Judge Acosta said in dissent th
at the commission exceeded its authority, “regardless of whether the Taxi of Tomorrow project is rational and consistent” with its objectives, because it mandated the exclusive use of a specific make, model and manufacturer.
The T o T was a darling of the Bloomberg administration. The new mayor, Bill De Blasio, has decidedly different views about the taxi industry so it remains to be seen whether the city and the TLC will seek to revive the program.
As has been widely noted by now, the TLC’s “Taxi of Tomorrow” regulation has been invalidated by a New York State Supreme Court justice with the improbable name of Shlomo Hagler. Article on the ruling are here, here, and here.
The case is called Greater New York Taxi Ass’n, et al. v. New York City Taxi and Limousine Commission Limousine Commission, et al., 101083/2013 (October 8, 2013). The ruling invalidated the “Taxi of Tomorrow” program on the grounds that the regulation exceeded the TLC’s statutory authority and that in enacting the regulation the TLC violated the separation of powers doctrine.
The Taxi of Tomorrow regulation would have mandated that medallions owners purchase a specific make and model of automobile (the Nissan NV200) that had been designated by the TLC as the Official Taxicab Vehicle. It was enacted after substantial public discussion, an online poll as to the public’s preference and formal notice and comment in September 2012. After an earlier ruling invalidated part of the rule on the ground that it did not permit the use of hybrid taxis, the rule was amended. Now the the entire program has been thrown out.
The court analyzed whether the TLC had been delegated authority to enact such a rule by its enabling statute, the City Charter. In its review, the court found that “the purpose of the TLC was clearly defined” and that the Charter “enumerated authority to set ‘standards of service, standards of insurance and minimum coverage; standards for driver safety and design; standards for noise and air pollution control; and to set standards and criteria for the licensing of vehicles, drivers and chauffeurs, owners and operators engaged in such services.’” The court then concluded that the power to compel medallion owners to purchase a specific automobile does not exist in the City Charter.
The court further found that the TLC rule unlawfully impinged on the authority of the City Council to mandate the type of cars that could be used as taxis (if there was to be such a mandate at all). The TLC was not exercising a “typical administrative ‘interstitial’ rule-making function” such as its historical role of setting technical standards for taxicabs. Instead, it wrote on a clean slate, “creating its own comprehensive set of rules without benefit of legislative guidance.”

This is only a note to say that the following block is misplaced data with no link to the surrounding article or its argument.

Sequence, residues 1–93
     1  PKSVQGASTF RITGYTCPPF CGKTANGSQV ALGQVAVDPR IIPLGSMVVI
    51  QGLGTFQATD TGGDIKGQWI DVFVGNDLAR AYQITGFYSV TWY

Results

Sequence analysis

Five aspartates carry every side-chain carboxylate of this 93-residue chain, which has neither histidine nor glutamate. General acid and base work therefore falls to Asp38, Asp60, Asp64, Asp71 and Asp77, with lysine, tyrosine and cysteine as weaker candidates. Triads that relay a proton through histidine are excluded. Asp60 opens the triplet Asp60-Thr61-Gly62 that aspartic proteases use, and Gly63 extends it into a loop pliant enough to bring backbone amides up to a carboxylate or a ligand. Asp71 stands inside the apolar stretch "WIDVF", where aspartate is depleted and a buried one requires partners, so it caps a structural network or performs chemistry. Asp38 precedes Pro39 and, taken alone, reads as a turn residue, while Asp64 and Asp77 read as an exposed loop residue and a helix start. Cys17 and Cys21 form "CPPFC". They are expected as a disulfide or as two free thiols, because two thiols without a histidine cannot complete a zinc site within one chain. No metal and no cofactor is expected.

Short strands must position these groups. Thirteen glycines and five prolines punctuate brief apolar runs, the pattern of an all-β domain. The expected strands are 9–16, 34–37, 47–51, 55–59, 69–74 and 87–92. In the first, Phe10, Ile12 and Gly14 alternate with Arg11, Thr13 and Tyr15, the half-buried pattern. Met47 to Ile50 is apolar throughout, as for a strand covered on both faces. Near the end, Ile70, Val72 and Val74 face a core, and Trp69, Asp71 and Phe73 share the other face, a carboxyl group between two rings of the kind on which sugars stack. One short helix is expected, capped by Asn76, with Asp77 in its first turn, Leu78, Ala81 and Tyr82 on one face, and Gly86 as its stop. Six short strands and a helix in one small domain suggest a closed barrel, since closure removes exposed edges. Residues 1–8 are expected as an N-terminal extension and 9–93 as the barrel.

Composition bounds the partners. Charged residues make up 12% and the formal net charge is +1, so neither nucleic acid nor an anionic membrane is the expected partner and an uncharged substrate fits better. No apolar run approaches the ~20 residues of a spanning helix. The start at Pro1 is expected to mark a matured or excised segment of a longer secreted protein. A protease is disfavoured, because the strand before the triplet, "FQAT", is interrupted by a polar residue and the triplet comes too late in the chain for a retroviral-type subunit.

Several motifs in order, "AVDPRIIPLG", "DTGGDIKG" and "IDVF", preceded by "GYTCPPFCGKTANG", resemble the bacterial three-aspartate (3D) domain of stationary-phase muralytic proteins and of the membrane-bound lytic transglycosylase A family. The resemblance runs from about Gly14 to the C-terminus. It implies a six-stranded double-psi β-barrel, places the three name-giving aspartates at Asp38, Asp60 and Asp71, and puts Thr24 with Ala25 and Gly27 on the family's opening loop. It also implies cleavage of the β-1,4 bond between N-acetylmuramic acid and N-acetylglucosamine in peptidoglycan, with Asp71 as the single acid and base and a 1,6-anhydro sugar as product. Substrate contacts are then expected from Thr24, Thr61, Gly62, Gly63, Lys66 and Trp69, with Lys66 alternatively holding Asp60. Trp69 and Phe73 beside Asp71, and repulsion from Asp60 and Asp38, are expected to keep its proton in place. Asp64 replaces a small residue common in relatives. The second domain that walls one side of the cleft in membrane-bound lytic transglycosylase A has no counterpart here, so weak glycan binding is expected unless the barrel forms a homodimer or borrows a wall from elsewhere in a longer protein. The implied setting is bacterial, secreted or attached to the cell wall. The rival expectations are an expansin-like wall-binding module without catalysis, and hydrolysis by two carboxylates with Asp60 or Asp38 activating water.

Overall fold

This is just the latest effort by Mayor Bloomberg and his (theoretically independent taxi commissioners) to dictate the type of vehicle that taxi owners might purchase. First, the mayor tried to force the industry to buy hybrid vehicles, not in so many words by through a minimum gas-mileage regulation. That ruling was held invalid on the grounds that only the Congress could dictate gas mileage. Then Bloomberg pushed through the Taxi of Tomorrow, which ironically would have prevented the use of hybrids.
The city has said it will immediately appeal. But for now, we are back to the traditional regime, where, in Justice Hagler’s words the New York City taxi fleet “comprised various makes and models of
vehicles made by different automobile manufacturers. These makes and models were then modified or ‘hacked-up’ for use as taxis.” The TLC set the specific standards for cars that could be employed as taxis and the medallion owners were given the freedom to purchase any make or model of vehicle from any manufacturer who met those standards.
Only recently has the TLC decided it was smart enough to design cars. But it seems it was too smart by half. Nissan, meanwhile, says it will still roll out the NV200
, and that it’s a great car. Maybe so, but without its state-mandated monopoly, it will be a tougher sell.
Opponents of Mayor Bloomberg’s Taxi of Tomorrow project filed suit to block the initiative Wednesday, with just months before the first of the new Nissans are to supposed to hit the New York City streets.
The Wall Street Journal reports that the case was filed by the Greater New York Taxi Association, which is the smaller of two fleet owner group, and Evgeny “Gene” Freidman, who recently got into a shouting match with Bloomberg, or so it has been reported at Madison Square Garden. The suit filed in state court in Manhattan charges that the plan to force virtually all yellow taxi medallion owners to purchase a single vehicle oversteps the mayor’s authority under the law.
Freidman’s real issue is that he is the largest owner of hybrid cabs and hybrid cab medallions. He likely wants to assure that his favored vehicles will remain taxi street legal, Even though the TLC has said it will allow exceptions for hybrids, Freidman’s cabs could be overshadowed by the the “Tomorrow” cabs, that is if tomorrow ever comes.
Freidman appears to be relying on a a decision issued just yesterday that upheld the striking down of Bloomberg’s ban on big-gulp sodas.